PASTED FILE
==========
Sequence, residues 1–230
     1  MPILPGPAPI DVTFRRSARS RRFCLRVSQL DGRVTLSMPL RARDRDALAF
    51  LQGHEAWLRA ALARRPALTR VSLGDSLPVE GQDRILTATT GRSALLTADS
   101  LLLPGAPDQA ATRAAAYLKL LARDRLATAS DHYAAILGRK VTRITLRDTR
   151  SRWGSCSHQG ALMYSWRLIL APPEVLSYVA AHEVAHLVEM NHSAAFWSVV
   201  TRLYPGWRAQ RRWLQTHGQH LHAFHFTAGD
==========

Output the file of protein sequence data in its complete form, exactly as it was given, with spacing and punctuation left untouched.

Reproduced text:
Sequence, residues 1–230
     1  MPILPGPAPI DVTFRRSARS RRFCLRVSQL DGRVTLSMPL RARDRDALAF
    51  LQGHEAWLRA ALARRPALTR VSLGDSLPVE GQDRILTATT GRSALLTADS
   101  LLLPGAPDQA ATRAAAYLKL LARDRLATAS DHYAAILGRK VTRITLRDTR
   151  SRWGSCSHQG ALMYSWRLIL APPEVLSYVA AHEVAHLVEM NHSAAFWSVV
   201  TRLYPGWRAQ RRWLQTHGQH LHAFHFTAGD